What happens to frozen embryos after a divorce?

On Behalf of | Apr 16, 2021 | Divorce |

Having a baby can be a very important and exciting time for couples in the Bay Area. Growing a family may be something that both spouses want to do, but it is not always as easy as it may seem. Some may be able to conceive babies and carry them to full term, but others may struggle to conceive or may have miscarriages after they do conceive. This can happen for a variety of reasons and previously it may have meant that the couple would not be able to have children.

There have been many medical advances though and now processes such as in vitro fertilization (IVF) are relatively common. Many couples who may not otherwise be able to have children may be able to. During this process the egg from the female is fertilized outside of the woman and embryos are then inserted into the woman’s uterus. During this process though it is quite common to create multiple embryos at the same time. Not all embryos may be used though and some may be frozen to potential use at a later date.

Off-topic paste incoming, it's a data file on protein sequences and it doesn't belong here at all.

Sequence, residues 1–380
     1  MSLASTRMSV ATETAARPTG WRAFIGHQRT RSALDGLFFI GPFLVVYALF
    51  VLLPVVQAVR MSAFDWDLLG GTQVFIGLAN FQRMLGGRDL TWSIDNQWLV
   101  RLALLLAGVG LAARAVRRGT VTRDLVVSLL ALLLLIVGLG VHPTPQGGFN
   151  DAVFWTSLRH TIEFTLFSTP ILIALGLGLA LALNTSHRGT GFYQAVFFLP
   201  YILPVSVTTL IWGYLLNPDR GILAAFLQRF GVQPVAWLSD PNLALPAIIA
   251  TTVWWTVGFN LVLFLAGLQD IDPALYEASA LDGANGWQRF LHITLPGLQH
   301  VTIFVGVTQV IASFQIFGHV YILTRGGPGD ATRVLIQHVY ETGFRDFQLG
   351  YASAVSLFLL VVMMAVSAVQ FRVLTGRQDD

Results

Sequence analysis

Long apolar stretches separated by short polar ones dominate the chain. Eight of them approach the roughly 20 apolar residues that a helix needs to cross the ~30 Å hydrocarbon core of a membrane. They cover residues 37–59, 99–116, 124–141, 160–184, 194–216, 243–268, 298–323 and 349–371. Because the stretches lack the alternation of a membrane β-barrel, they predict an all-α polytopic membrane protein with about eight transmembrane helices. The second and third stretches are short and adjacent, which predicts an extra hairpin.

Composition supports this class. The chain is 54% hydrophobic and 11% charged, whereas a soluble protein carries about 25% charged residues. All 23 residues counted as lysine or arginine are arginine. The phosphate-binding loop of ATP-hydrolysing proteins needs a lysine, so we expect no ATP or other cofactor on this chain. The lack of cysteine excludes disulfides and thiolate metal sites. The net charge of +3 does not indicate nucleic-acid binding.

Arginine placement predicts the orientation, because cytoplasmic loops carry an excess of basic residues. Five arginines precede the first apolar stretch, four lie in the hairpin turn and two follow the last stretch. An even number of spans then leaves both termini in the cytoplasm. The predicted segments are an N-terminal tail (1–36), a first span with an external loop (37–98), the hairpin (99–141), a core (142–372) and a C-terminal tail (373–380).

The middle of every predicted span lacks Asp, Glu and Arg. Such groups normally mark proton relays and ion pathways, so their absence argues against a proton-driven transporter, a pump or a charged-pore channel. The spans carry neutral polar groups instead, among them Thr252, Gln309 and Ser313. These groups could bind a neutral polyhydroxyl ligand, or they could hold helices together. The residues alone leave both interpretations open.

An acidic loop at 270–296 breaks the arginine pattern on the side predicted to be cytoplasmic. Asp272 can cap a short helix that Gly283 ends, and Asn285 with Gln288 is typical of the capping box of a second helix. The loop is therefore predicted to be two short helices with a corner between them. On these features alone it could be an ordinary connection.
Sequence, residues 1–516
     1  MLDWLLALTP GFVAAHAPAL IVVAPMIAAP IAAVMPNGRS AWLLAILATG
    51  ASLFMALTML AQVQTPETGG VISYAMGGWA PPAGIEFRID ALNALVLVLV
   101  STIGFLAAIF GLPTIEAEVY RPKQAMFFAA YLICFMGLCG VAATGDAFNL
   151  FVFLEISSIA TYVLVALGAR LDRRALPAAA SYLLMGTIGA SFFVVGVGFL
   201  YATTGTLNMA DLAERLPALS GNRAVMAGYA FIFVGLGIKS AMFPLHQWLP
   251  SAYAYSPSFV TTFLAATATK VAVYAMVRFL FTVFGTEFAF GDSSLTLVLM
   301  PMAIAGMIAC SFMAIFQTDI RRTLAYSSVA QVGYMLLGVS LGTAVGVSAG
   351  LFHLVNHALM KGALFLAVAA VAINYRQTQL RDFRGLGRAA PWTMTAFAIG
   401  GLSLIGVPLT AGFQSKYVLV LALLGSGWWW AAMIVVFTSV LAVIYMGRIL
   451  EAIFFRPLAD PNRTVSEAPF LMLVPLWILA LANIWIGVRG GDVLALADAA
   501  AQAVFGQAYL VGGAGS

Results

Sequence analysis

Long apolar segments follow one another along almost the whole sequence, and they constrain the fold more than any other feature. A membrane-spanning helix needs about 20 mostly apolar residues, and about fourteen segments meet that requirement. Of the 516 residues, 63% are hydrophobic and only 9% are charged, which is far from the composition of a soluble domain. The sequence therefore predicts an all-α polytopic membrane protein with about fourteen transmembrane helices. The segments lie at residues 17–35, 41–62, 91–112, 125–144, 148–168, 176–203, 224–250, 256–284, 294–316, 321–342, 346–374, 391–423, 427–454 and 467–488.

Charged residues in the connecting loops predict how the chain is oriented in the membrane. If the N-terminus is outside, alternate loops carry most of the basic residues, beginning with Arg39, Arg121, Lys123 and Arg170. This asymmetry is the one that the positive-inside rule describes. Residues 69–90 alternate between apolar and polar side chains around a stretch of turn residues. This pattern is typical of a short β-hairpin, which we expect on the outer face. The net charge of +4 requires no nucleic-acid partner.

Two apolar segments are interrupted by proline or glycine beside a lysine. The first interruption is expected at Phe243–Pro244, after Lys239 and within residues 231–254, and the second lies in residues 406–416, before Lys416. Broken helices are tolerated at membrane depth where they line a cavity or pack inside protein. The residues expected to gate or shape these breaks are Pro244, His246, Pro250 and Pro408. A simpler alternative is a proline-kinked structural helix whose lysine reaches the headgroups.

Importance of Consent Agreements

Prior to the IVF process starting couples in California must sign a consent agreement, which in part states the advanced directives that couples want for the embryos. One of these advanced directives states what the couple wants to do with any frozen embryos if the couple divorces prior to using the frozen embryos. During divorce California courts have upheld the directives to destroy them stated in the consent agreement even when one spouse wants to keep them. This means that couples need to have well drafted consent agreements and understand what they are agreeing to.

There are many couples in California who may have to utilize IVF in order to have children and grow their families. When doing this couples may not be thinking about divorce at all, but no one knows what will happen in the future. It is important that couples understand what they state in their consent agreement because they could be bound by that decision even if they change their minds later. Experienced attorneys understand this unique area of law and may be a useful resource.



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